There is… and it begins with investigating ‘where’ we live in our human ‘selves’, and taking back responsibility for our worlds.

The anatomy of ‘us’ is quite simple: we have a body and a mind. The mind is not easy to define, but the body is where ‘we’ end and the ‘out-there’ begins… or so we think. Our body is chock full of sensors that relate to us a ‘picture’ of our world and our interaction with it. The body really perceives many ‘grey areas’ but we allocate them the colour of ‘received wisdom’.

Some people even kill for such beliefs, the obvious face-to-face value of compassion and companionship forgotten, in favour of a lethal dogma. Dogmas needn’t belong just to the poor and fanatical. They belong just as much to blind capitalism, which confuses might with right…

If I put my hand on a hot pan, I’ll get burned. So I learn not to. It’s not a matter of opinion, its a matter of physical truth. But the mind is full of opinion, much of it garnered from people we trust and respect. But those opinions – which go to form much of our character – have seldom been tested as truths in our own lives.

Our society is based upon thinking. Thinking is what differentiates the beastly from the elevated and civilised. Only the attempt to shut out half of our real natures leads to the ‘eruption of the untended’ in our consciousness. Freud recognised this and designated it the ‘id’ – the it. The id is the beast. The thought-driven puritan with uncompromising ideals is the ‘superego’… the other end of the psychological self.

Both are false prophets. Our poor egoic selves – holder of the ‘I am’ – are left to wander our lives in search of the truth that harmonises them. It gets hurt, and turns much of its nature to ‘stone’.

There is only one truth worth having and that is our own. It takes a brave soul to say that, and an even braver one to practice it.

To find our truth we need to forget ‘sin’. We need to cast off those old clothes and recognise that we have all we need to find our truths – and that those truths should become our ‘goodness’. We have feelings of goodness and sharing, just as we have temptations of selfishness. We have an inherent gasp of kindness and compassion. We know that they feel like. They come from a place that is more deeply anchored in our truth that our society is.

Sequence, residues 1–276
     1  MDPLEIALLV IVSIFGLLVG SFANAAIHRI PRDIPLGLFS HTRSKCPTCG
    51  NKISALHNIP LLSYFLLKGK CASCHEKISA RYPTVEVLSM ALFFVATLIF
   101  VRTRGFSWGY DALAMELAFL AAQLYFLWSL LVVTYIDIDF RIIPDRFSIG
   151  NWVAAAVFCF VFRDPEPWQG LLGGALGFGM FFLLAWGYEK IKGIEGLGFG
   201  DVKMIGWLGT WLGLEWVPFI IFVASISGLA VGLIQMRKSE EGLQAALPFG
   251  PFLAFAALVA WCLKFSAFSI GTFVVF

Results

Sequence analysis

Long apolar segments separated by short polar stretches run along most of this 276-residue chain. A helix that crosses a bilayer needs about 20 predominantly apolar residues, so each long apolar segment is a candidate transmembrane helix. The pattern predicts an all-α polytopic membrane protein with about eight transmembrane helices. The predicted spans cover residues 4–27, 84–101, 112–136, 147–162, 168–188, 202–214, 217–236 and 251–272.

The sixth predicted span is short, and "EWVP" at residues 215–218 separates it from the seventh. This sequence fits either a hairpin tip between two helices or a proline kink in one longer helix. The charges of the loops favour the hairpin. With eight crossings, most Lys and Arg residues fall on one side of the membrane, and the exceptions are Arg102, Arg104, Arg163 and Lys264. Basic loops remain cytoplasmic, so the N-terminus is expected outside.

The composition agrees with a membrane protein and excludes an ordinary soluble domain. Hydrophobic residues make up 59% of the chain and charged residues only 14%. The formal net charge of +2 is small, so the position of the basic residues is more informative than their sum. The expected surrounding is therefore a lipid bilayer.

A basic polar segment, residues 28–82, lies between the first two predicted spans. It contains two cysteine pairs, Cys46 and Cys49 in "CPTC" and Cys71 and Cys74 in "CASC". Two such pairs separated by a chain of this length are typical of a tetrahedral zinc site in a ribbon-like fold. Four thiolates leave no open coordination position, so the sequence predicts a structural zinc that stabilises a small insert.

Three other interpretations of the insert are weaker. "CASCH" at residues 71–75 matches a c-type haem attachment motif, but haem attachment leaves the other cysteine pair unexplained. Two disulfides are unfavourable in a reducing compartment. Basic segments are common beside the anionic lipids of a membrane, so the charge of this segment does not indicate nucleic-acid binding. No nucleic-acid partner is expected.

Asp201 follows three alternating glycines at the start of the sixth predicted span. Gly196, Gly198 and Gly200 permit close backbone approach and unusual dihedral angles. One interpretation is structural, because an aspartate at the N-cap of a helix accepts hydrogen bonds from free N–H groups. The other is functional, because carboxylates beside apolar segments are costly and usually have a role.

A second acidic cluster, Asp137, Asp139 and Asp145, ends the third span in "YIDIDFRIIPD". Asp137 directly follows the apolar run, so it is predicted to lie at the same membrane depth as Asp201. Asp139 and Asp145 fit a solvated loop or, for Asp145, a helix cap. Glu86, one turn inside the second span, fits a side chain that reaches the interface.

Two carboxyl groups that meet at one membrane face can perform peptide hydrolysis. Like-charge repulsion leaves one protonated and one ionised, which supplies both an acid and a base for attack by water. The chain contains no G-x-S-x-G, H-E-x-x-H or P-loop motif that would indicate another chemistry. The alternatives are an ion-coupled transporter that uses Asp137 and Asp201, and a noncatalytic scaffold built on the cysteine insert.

When we are ready to make the journey towards the real Self, it is powered by the growing certainty that this is the only good that matters. What then springs free in us is an intimacy, a personalness that we have begun a quest which is more important than anything else we could be doing.

As Shakespeare’s Polonius says in Hamlet:

This above all: to thine own self be true, And it must follow, as the night the day, Thou canst not then be false to any man.

In the last part of this series, next week, (yes I did extend this in the writing of this part, in not wanting to put too much into any one post!) we will look at the journey into our own consciousness in search of the real nature of a deeply personal awareness – and the dramatically different picture it paints of our lives.

End Part Three.

Previous posts:

Part One –

Part Two –

©Stephen Tanham 2022

Stephen Tanham is a Director of the Silent Eye, a journey through the forest of personality to the dawn of Being.

http://www.thesilenteye.co.uk and http://www.suningemini.blog

Set in Stone

The Silent Eye’s Landscape Weekends were born from a mad-cap day on Ilkley Moor and a number of subsequent events up there.

Join us on Sue Vincent’s birthday (14th September) for lunch and a short walk to one of Ilkley Moor’s ancient monuments as we remember our former colleague and fellow director in the landscape she regarded as her home.

Meet: Noon at The Cow and Calf hotel and restaurant on Wednesday, 14th September 2022.

You can contact us via email at rivingtide@gmail.com.

©Stephen Tanham 2022

Stephen Tanham is a Director of the Silent Eye, a journey through the forest of personality to the dawn of Being.

http://www.thesilenteye.co.uk and http://www.suningemini.blog

Kirkby Lonsdale, Hot August evening…

It had been a long, hot day…

A trip from Kendal to Leeds to catch up with our three-month old grandson.

A walk and some street food in the eclectic Oakwood district, then a gentle stroll back to their house.

We hit the busy time coming back, and decided to give Tess one of her favourite walks by the river in Kirkby Lonsdale.

Walking down from the market town into the valley, we passed the view above… and stopped to take the photo, and… store it in our minds.

The heat (31 degrees C) didn’t diminish the specialness of the moment. We have long and wet winters. When it’s cold it’s very cold.

So, we’ll have a piece of warm heaven to nourish us in January…

©Stephen Tanham 2022

Stephen Tanham is a Director of the Silent Eye, a journey through the forest of personality to the dawn of Being.

http://www.thesilenteye.co.uk and http://www.suningemini.blog